The economic uncertainty of the last 18 months is causing mourning families to significantly cut costs when burying loved ones.
Sources within the local funeral arrangement business have revealed that many are reverting to the ‘paupers’ burials’ instead of spending tens of thousands on flashy imported caskets, elaborate services and other expensive trappings usually associated with the services of thanksgiving.
President of the Barbados Association of Funeral Directors, Ian Griffith explained that many are making the difficult decision to purchase low-end ‘face hole’ coffins. The mid-range ‘flat top’ caskets of the 1960s and 70s are also making a strong comeback, he said.
“You know that Barbados is a society where we are very proud people and sometimes society puts pressure on families and it has been difficult,” Griffith, who is Managing Director of Earl’s Funeral Home told Barbados TODAY.
“Before, people wouldn’t opt for a face hole coffin because some family members or friends would pressure the families and say ‘can’t you do better than that? You can’t put mummy in that thing’. They don’t want a coffin because a coffin was seen to be what you would call a pauper’s burial.
“So in some ways, people have been a little bit strained to make those decisions, but some people are actually very understanding of the situation, would look at it from a realistic point of view and make the choice to say ‘this is the financial position that we’re in’ and they’re quite fine with it. More and more, people are understanding the position that we are in as a whole,” the funeral director added.
The ‘face hole’ coffins, which were extremely common decades ago are particularly useful at private viewings for persons who died while infected with COVID-19, as their funerary box must be sealed according to the existing protocols. And in many cases, the more expensive caskets are only being bought to honour specific instructions from the deceased before they passed.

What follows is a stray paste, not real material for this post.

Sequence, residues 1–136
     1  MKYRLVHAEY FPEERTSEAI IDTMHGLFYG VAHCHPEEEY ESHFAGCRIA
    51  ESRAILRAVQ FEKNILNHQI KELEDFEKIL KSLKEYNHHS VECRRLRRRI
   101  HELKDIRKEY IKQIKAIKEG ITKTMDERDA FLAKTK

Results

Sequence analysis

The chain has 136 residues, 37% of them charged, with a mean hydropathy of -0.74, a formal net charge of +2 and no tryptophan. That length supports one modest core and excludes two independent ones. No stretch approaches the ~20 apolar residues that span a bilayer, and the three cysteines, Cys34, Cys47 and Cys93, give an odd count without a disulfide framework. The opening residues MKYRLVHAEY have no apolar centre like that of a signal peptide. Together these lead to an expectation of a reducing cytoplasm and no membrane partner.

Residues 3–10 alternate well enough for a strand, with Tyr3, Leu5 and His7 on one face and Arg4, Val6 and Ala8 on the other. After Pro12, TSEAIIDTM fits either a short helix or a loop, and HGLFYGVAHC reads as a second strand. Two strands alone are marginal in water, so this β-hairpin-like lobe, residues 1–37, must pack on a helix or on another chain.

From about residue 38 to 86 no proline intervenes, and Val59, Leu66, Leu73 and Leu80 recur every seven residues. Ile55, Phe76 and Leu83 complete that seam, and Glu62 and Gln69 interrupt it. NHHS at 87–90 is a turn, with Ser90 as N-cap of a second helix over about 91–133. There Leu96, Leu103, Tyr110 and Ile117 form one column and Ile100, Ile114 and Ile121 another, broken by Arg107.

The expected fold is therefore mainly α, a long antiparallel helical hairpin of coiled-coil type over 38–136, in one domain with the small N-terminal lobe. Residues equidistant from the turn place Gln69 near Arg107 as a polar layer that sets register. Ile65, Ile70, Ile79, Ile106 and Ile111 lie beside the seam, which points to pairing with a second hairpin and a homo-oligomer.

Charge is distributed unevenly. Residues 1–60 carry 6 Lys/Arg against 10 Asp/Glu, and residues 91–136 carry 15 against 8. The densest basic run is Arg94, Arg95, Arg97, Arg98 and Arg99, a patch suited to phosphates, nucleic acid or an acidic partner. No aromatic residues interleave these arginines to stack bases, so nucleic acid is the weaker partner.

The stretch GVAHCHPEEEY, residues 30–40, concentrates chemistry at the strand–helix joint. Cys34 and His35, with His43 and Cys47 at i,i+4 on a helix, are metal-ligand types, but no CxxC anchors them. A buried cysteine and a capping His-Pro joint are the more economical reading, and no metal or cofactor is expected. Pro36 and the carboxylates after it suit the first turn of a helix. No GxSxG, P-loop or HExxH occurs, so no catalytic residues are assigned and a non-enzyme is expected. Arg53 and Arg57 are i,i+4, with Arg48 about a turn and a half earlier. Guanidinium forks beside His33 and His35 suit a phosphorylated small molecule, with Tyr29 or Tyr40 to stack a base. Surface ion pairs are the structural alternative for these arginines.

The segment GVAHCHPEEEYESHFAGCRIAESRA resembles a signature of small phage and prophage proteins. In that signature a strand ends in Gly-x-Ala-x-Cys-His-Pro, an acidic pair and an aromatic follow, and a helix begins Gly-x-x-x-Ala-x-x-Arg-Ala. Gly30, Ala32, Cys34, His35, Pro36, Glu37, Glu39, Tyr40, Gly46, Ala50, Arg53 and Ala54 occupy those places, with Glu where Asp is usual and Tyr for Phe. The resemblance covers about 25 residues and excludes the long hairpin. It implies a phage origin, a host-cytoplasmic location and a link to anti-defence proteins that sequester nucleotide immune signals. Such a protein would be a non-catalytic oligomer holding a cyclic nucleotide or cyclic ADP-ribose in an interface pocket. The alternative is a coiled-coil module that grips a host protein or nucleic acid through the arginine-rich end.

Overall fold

Restrictions on the numbers allowed at services have meant that families are able to cut costs on the printing of hymn sheets, posting obituary notices and booking churches. But for those opting to stream the services of loved ones for the benefit of absent family and friends, the cutbacks have done little to offset the cost.
He explained that ever since the start of the pandemic in March 2020, clients, particularly those in the hospitality sector have been citing job losses as a major hindrance to spending as they once would on the funerals of their loved ones.
“Persons having the number of working days cut and in some cases not having work and only depending on National Insurance payments, of course, that is going to affect their finances. So if the unfortunate situation comes they have to rethink how much money they are going to be spending on a funeral,” said Griffith.
On the flip side, local casket builders are benefiting from the shift away from imported caskets as well as increasing challenges with international shipping.
“This has been on the increase, so that if you can’t get the overseas caskets you can get a little upgrade to the flat top where it can be spray painted in any colour that you would want. So most funeral homes in Barbados are offering those varieties in caskets right now,” Griffith explained.
As for the funeral directors, the financial impact of the pandemic is said to be quite similar to other businesses with increasing costs for sanitising products and Covid-19 protective equipment, among others.
“There is a cost to those measures, but I don’t think any funeral home in Barbados would have been passing that cost on to families, because again, it is not something that we are in control of but it is something that we think we must do to help control the spread of COVID-19,” the association president concluded.